Canadian Patent Office Releases New Guidelines on Patentable Subject Matter

Following the recent Federal Court decision in Choueifaty v Attorney General of Canada, 2020 FC 837, the Canadian Intellectual Property Office (CIPO) has issued a Practice Notice with updated examination guidance for assessing patent-eligible subject matter.

As we discussed in our article covering the Choueifaty decision, the Federal Court held that the “problem-solution” approach previously used by CIPO to assess subject matter eligibility was not correct. In the new Practice Notice, CIPO confirms that the “problem-solution” approach should no longer be applied and outlines a new test as follows:

Purposive construction: The first step is to construe the claim in question to determine the subject matter defined by the claim. During purposive construction, the elements of the claimed invention are identified as either “essential” or “non-essential.” Non-essential elements may be varied or even omitted. Under the new CIPO guidelines, all elements set out in a claim are presumed essential, unless it is established otherwise or is contrary to the language used in the claim.

Assessment of patentable subject matter: Once the subject matter defined by a claim has been determined through purposive construction, the subject matter will be assessed for patent eligibility. To be patent eligible, the subject matter defined by the claim “must be limited to or narrower than an actual invention that either has physical existence or manifests a discernable physical effect or change and that relates to the manual or productive arts”. The “actual invention” may consist of a single element or a combination of elements that cooperate to provide a solution to a problem.

Under the old “problem-solution” approach, only elements forming the “solution” to the “problem” addressed by the claimed subject matter were considered “essential” and, thus, counted toward patent-eligibility. Elements not forming part of the “solution” were deemed “non-essential” and discounted. The “problem” and “solution” could be narrowly characterized by examiners such that computer hardware and other elements were then considered “non-essential.”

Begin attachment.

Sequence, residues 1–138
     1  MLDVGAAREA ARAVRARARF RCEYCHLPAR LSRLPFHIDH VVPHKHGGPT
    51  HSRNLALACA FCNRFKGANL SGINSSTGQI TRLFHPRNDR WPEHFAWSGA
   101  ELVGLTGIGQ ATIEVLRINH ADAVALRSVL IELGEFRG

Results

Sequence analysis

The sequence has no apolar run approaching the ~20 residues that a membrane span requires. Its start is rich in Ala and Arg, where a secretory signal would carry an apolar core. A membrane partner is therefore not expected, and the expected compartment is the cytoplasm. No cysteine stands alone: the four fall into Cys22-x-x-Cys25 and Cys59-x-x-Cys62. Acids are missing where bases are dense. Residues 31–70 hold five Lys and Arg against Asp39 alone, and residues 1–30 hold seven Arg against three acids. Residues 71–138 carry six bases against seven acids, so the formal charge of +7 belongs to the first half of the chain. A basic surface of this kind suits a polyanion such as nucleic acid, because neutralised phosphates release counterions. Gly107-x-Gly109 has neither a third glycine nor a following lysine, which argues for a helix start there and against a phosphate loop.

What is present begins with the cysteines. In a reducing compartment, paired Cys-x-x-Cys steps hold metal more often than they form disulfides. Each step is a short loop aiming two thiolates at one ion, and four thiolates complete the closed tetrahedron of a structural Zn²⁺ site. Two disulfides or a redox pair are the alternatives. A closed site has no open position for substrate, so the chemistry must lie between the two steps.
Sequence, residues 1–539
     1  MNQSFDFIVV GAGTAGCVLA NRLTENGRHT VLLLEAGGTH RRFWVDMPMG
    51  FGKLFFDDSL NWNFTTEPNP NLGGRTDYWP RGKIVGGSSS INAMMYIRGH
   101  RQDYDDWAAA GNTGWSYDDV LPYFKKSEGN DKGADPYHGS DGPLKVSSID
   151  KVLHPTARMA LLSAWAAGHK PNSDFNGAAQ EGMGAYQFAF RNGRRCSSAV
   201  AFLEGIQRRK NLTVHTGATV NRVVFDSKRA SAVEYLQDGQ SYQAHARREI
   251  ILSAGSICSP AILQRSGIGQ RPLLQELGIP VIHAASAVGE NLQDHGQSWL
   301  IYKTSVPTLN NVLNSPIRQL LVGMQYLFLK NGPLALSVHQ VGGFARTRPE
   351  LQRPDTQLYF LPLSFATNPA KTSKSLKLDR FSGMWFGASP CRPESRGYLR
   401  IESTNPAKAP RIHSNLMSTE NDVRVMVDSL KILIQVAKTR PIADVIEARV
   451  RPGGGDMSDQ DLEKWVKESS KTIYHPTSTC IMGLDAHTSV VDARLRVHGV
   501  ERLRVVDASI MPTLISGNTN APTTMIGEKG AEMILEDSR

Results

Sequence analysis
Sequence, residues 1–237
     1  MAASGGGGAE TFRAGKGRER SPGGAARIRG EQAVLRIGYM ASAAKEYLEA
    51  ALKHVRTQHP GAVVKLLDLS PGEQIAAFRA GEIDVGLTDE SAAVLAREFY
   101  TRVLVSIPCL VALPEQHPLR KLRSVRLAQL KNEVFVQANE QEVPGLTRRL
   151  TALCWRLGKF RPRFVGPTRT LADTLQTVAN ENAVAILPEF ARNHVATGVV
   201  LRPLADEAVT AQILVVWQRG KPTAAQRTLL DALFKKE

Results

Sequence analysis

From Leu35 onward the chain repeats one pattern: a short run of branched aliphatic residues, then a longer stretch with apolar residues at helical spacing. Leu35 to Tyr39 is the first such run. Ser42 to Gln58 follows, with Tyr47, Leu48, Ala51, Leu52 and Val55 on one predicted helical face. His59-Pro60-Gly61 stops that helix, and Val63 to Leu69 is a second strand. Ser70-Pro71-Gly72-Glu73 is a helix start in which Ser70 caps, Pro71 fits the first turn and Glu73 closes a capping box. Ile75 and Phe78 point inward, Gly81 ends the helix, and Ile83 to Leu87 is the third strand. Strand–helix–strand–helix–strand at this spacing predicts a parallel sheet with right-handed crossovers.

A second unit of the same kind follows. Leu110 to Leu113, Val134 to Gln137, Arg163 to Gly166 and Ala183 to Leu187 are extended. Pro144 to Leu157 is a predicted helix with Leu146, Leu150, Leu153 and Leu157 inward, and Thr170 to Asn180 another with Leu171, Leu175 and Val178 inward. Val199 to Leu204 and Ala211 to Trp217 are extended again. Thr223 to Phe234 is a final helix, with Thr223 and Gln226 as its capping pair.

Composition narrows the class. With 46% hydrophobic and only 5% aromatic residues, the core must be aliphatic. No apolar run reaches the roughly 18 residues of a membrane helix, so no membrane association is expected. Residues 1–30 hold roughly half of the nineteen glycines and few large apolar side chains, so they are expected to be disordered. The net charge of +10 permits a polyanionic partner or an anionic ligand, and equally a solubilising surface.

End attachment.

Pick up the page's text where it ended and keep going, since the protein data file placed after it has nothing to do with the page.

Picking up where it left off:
The approach set out in the new guidelines appears to be much more flexible and favorable to applicants. Under the new approach, it should be significantly harder for Examiner’s to disregard elements as “non-essential. Now, all claim elements are to be presumed essential “unless it is established otherwise or is contrary to the language used in the claim.” For example, the new guidelines state that:

An element of a claimed invention that is identified as essential for establishing the fences of the monopoly under purposive construction is not necessarily part of the actual invention. […] An element may thus be an essential element of the claim because the applicant intended it to be essential even though it has no material effect on the working of the invention.